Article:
Over the past 100 years, coyotes have taken over America:
They are native to the continent, and for most of their existence these rangy, yellow-eyed canids were largely restricted to the Great Plains and western deserts where they evolved. But after wolves and cougars were exterminated from most of the United States by the 1800s, coyotes took their place. Colonizing some areas at a rate of 720 square miles per year, coyotes now occupy — or “saturate,” as one scientist I spoke with described it — nearly the entire continent. (Long Island is a notable exception.) The animals are now the apex predators of the east. And they’re proving so resourceful that even the last stronghold — the urban core — represents an opportunity to flourish.
Coyotes may be the most driven carnivores to penetrate modern cities in recent years, but they’re hardly the only ones. Raccoons, foxes, and skunks have long been prolific urban residents. And now bobcats, cougars, even grizzly bears — predators that symbolize wilderness, who typically require a lot of space and a stable prey base, and defend their territories — are not just visiting but occupying areas that scientists used to consider impossible for their survival. Dozens of grizzlies now summer within the city limits of Anchorage. The most urban cougar ever, a male named P22, has been canvassing Los Angeles’ Griffith Park for more than two and a half years. Bobcats prowl the Hollywood Hills and saunter near skyscrapers in Dallas. And in New York City, a predator is returning that hasn’t been seen since Henry Hudson’s day — the fisher, a dachshund-sized member of the weasel family with a long, thick tail. This spring, a police officer named Lenart snapped the first NYC photo of one, skulking on a Bronx sidewalk at dawn.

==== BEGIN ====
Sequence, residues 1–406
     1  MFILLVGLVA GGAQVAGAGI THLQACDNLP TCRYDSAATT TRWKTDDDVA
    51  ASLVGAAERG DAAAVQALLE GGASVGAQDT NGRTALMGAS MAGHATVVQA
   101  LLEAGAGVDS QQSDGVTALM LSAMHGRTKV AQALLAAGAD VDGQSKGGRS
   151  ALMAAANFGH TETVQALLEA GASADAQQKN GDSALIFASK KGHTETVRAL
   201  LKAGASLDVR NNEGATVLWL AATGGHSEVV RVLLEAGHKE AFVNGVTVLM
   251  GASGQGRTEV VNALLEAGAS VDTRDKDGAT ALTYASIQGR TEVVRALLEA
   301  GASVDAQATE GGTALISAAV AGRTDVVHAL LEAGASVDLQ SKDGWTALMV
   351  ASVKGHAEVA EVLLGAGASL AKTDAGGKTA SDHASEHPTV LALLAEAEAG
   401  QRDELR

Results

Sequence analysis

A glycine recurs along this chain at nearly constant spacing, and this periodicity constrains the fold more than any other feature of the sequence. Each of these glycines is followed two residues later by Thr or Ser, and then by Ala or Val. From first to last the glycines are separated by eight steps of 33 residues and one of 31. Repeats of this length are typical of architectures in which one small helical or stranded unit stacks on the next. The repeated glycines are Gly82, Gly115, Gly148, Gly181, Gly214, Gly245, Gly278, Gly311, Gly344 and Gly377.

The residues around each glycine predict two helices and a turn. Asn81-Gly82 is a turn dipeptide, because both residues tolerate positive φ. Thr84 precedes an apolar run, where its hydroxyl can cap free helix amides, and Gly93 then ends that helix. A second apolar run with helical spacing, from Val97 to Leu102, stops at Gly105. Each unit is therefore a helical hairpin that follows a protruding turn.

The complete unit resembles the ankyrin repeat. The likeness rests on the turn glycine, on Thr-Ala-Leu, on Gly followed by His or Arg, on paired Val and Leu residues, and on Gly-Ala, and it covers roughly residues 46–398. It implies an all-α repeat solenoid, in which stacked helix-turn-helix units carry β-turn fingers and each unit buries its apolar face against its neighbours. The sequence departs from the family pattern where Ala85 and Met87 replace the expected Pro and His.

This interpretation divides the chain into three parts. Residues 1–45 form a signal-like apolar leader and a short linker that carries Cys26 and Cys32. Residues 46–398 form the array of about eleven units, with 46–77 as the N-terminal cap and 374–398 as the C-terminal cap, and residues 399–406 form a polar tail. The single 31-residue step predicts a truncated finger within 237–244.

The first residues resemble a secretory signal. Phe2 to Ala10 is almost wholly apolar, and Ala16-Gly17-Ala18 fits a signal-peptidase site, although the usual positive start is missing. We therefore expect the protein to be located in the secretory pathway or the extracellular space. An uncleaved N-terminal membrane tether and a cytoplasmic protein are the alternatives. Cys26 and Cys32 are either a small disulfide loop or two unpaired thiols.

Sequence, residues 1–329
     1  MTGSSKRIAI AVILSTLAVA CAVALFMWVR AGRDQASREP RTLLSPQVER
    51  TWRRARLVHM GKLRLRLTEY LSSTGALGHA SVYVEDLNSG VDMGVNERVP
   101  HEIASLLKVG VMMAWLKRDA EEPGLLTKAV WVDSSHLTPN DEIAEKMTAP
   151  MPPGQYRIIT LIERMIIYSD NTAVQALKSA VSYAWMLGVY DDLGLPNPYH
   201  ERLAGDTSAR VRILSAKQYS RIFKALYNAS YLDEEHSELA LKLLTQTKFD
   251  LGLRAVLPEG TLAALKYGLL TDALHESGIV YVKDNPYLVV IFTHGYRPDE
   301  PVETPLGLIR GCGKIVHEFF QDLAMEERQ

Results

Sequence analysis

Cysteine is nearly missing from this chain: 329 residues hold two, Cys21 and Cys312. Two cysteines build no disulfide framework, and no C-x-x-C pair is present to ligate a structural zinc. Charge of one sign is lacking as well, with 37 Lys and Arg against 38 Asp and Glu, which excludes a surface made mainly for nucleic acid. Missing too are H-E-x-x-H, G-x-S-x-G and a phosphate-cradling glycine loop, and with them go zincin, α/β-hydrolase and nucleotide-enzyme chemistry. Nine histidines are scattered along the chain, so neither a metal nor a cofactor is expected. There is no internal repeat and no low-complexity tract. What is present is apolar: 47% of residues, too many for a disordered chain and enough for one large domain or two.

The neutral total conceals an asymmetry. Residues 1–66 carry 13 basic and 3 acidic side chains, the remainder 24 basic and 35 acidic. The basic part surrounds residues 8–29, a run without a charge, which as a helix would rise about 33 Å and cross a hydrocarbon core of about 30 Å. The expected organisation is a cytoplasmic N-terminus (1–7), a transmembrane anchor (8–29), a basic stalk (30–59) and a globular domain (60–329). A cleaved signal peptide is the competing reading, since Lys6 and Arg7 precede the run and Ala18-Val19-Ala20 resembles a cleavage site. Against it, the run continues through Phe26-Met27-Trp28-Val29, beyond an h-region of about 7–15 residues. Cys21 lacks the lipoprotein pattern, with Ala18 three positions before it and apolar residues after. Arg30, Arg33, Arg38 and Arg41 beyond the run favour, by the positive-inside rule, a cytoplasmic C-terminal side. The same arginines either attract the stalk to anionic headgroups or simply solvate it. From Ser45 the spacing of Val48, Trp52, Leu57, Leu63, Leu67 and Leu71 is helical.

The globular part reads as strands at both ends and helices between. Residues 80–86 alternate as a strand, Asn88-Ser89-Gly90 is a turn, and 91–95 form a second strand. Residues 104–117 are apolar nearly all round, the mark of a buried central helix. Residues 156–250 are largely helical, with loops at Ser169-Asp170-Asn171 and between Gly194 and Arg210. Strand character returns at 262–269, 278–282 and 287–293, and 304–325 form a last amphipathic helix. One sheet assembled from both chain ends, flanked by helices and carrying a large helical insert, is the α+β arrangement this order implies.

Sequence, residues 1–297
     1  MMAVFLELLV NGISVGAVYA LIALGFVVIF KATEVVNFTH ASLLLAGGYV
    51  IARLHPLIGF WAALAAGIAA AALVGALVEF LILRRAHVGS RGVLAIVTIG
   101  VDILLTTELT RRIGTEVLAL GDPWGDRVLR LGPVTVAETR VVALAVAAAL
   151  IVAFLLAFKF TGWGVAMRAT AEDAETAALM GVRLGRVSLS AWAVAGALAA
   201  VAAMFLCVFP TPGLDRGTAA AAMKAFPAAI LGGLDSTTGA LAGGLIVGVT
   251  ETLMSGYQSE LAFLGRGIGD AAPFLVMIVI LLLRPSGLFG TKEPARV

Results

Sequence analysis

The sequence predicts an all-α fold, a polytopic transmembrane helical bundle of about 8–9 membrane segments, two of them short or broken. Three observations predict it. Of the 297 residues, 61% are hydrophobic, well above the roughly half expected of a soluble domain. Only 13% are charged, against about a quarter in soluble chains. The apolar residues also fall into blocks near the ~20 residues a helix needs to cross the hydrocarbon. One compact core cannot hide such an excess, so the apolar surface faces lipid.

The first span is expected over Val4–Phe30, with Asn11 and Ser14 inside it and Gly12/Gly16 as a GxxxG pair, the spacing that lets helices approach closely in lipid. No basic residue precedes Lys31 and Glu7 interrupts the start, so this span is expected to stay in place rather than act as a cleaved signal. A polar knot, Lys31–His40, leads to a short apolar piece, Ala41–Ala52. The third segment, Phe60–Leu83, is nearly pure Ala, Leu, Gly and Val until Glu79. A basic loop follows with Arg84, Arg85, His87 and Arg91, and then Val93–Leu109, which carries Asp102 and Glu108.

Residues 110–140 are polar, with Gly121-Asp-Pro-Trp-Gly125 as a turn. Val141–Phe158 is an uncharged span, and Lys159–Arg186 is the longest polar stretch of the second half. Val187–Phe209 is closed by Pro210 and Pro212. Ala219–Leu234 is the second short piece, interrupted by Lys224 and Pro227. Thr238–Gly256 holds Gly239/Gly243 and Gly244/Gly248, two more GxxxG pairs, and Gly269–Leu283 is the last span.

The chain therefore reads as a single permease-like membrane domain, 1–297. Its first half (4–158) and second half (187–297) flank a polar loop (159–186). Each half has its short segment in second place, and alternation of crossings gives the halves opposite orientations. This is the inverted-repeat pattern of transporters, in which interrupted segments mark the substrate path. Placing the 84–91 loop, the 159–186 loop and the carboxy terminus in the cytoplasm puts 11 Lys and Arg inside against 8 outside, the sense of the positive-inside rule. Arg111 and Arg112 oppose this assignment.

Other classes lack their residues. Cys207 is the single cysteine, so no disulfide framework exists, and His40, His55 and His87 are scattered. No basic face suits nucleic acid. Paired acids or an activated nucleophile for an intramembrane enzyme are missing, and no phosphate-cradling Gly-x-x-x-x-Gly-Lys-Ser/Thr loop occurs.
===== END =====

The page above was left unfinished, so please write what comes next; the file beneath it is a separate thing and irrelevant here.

Why are these large weasels flourishing in the east?
“We found support that eastern fishers are experiencing what’s known as mesopredator release,” says Kays. “That means they overlap with fewer predatory species than they used to. There are no cougars; there are no wolves.” Without many big competitors to fear, middle-sized predators, or mesopredators, are free to change their habits: they can hunt in a wider range of places or times. They can also pursue larger prey (for fishers, that means hefty snowshoe hares, porcupines, or deer roadkill) without getting beaten to it or bullied. Scientists suspect that mesopredator release is fueling coyotes’ incredible expansion as well.
Most intriguingly, LaPoint and Kays discovered that the bodies of eastern fishers are actually getting bigger over time. These carnivores seem to be evolving to better catch larger-bodied prey by becoming larger themselves. A big, well nourished fisher is more likely to survive in new, challenging environments. “They’re getting bigger where their populations are expanding,” says LaPoint, which the team documented by comparing hundreds of museum specimens collected from the 19th century to the present. That’s brisk, evolutionarily speaking. “Within a century, more or less,” he says. “It’s pretty crazy.”
The rub is that this “wilderness” species seems to be quickly adapting to our presence. In persecuting North America’s biggest carnivores, we may be encouraging medium-sized ones to spread directly into the areas we now live, and in some cases, actually evolve into bigger, more resourceful predators.
(Hat tip to T. Greer.)